"It is interesting how this message serves to further my original thesis in that we see little doctrine presented but rather a "perspectivist" reaction."
I honestly do think that these differences in perspective are what underlie how the churches view each other today, even before you get to the level of theological analysis.
""Feeling more Eastern" versus "feeling Western" is interesting, true, but I don't know if that's applicable."
That's not what I said. What I said was there is a significant difference in how the churches view themselves and define themselves. Surely as an evangelical *protestant* you can understand that your own self-labelling is itself a statement of where your church stands vis-a-vis Catholicism, because it implies of necessity that there is something against which you are Protesting to begin with.
"At any rate, it also seems like the differences between Prot-ism and RCC are downplayed in your post."
No they are real, and they are also differences between Orthodoxy and Protestantism, as I said. However, there are other things that Protestantism and Catholicism have in common that we share with neither. This gets back to the "differences that matter".
"For example, between Prot and RCC, we have the following similarities that are not to be found in EOC:
2. The oft-cited "legal" viewpoint versus the "mystical" viewpoint
3. Descendancy of thought (in some cases) from Augustine and Aquinas
4. Tendency to prefer the Masoretic OT text over the LXX
5. Latin tendency to "overthink," analyse, and commit to verbal description more rather than accept many things as a mystery"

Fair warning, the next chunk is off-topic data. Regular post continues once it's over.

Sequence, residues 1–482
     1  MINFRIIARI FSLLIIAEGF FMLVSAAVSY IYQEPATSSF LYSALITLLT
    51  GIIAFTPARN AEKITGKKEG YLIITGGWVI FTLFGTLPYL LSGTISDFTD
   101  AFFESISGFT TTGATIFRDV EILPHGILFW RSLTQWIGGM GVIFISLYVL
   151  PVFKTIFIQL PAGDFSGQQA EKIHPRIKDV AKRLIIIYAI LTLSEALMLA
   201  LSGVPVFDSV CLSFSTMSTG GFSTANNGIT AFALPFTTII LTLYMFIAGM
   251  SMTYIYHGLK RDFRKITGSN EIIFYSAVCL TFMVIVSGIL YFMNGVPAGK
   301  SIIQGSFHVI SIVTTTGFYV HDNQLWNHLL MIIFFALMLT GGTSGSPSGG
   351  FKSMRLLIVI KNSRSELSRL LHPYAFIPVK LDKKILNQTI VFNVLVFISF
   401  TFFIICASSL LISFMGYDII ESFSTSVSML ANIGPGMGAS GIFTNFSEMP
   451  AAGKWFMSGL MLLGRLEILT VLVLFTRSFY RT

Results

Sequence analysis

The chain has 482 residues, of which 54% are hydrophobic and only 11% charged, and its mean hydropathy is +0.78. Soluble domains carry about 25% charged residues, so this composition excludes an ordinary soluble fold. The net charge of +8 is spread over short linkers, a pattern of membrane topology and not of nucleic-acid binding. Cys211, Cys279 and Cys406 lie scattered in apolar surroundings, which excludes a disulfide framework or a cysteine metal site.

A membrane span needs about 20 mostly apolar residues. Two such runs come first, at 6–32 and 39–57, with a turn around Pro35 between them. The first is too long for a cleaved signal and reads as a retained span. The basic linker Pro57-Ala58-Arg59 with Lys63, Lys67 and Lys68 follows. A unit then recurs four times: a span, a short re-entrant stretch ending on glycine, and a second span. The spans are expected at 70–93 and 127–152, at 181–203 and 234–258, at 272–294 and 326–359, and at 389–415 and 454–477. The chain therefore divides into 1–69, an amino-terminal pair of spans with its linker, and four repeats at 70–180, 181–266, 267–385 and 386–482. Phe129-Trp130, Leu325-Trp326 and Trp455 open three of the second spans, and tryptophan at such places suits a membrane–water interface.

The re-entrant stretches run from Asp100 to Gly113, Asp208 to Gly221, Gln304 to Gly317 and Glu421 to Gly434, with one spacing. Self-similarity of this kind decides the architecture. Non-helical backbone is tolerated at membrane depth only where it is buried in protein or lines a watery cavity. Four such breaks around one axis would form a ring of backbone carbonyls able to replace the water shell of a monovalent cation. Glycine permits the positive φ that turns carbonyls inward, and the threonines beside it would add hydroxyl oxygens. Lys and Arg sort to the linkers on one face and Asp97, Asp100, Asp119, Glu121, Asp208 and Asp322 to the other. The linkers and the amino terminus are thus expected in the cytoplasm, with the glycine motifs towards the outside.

To these I would add a common western worldview and heritage, a common enthusiasm for humanism, a common idea of mission, a common sense of interaction between the church and society, a common emphasis on preaching, and an increasingly common worship style and approach following the post-Vatican-II reforms in Catholicism. Much of this is due to the reality that for centuries Protestantism set the terms of the debate in Western Christianity, and Catholicism reacted to that and adjusted where it thought necessary. But the reality is that you both have a lot more in common with each other than either of you is comfortable to admit
"1. Erecting a separate class of "canonised" (for lack of a better word) saints"
Anglicans have saints too, by the way. Yes, we share this in common with Catholics as a practice. Shiite Muslims also have saints, as do a number of other religions, in their own way.
"2. Venerating and praying to said saints"
Yes we share this in common.
"3. Praying for the dead"
Yes, but we also share this with Buddhists, Hindus, Muslims, etc.
"4. Rejecting the position of Sola Scriptura"
Not our fight. It never came up in the East. We disagree with it as well, but unlike Catholicism, which views scripture and tradition as distinct but equal, we view it all as Holy Tradition, so the juxtaposition of "scripture" and "tradition" is impossible in Orthodoxy. That kind of thinking which led to sola scriptura would have been impossible in Orthodoxy, and this is another indication of how Protestantism is an outgrowth of Catholicism.
"5. Justification not by faith alone"